if you have your lens at 18mm (the markings are on top of the lens) with the Av number set to 3.5, more of your picture will be in focus than if you have it at 55mm with an aperture value of 5.6.

    This video is great at illustrating all three ways to get this effect:
    [ame]http://www.youtube.com/watch?v=95Igz6QM7Ag[/ame]
     
  6. Danksalot

    Danksalot TPF Noob!

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    I know that saying to zoom in, and also saying to move closer to the subject can't both be done without getting much less of your subject in the shot. They are different techniques to achieve the same effect, you don't have to do all three to get the effect. You should know how to use them all, though. Even with the kit lens, you should be able to get a tiny depth of field if you use all these techniques together.
     
  7. KmH

    KmH Helping photographers learn to fish Supporting Member

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    Not really. It's making the number bigger because the number is actually a fraction:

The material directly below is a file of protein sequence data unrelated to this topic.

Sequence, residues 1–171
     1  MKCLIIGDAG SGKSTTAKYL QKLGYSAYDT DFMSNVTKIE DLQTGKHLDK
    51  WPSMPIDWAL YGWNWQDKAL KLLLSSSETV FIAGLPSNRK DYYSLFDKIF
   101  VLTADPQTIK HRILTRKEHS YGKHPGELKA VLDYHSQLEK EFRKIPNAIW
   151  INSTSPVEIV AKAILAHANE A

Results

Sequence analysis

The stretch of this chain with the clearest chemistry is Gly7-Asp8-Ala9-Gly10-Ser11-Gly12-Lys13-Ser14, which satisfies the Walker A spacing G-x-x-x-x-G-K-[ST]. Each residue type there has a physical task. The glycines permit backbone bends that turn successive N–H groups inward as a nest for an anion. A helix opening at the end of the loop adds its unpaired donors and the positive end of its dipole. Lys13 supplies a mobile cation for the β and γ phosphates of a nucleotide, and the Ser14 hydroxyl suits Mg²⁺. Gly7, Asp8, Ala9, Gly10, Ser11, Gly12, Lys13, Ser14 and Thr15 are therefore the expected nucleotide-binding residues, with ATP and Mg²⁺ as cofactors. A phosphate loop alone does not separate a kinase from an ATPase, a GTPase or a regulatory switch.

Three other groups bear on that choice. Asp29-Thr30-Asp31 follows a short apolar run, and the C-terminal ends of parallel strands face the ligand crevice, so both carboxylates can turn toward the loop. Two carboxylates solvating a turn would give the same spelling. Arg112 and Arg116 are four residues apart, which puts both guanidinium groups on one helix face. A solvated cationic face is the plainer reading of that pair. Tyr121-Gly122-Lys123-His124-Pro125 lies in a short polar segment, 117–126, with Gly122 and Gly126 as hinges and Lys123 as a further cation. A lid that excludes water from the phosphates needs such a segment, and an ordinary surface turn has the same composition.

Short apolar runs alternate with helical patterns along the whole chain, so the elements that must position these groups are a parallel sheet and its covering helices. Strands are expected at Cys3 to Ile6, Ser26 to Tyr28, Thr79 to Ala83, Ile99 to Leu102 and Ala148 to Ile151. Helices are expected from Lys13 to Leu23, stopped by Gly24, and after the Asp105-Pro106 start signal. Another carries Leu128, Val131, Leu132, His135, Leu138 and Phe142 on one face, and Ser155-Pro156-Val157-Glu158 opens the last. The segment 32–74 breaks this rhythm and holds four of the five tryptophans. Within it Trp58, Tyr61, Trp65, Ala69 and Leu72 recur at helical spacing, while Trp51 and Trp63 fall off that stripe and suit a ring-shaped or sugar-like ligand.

f/3.5 = 1/3.5 the focal length
    f/4 = 1/4 the focal length
    f/5.6 = 1/5.6 the focal length
    f/8 = 1/8 the focal length

    1/3.5 is a bigger number than 1/5.6.

    If more people understood, and explained, lens aperture as a fractional function of focal length, there would be less confusion about focal ratios and how DOF works.

    The lens opening at 55mm and f/5.6 is physically larger than the lens opening at 18mm and f/3.5 which is why the DOF of the former is shallower than the latter.

    I can guarantee you most people would say the size of the lens opening at 55 mm/f5.6 is smaller than the lens opening of 18 mm/f3.5, but it's not. Do the math. ;)
     
  8. Danksalot

    Danksalot TPF Noob!

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    I appreciate your further explanation of what the Aperture Value means, but on my camera a number is shown. Not a ratio or a fraction. A ratio and a fraction are represented by this number, but they are not what is shown on the screen of my camera.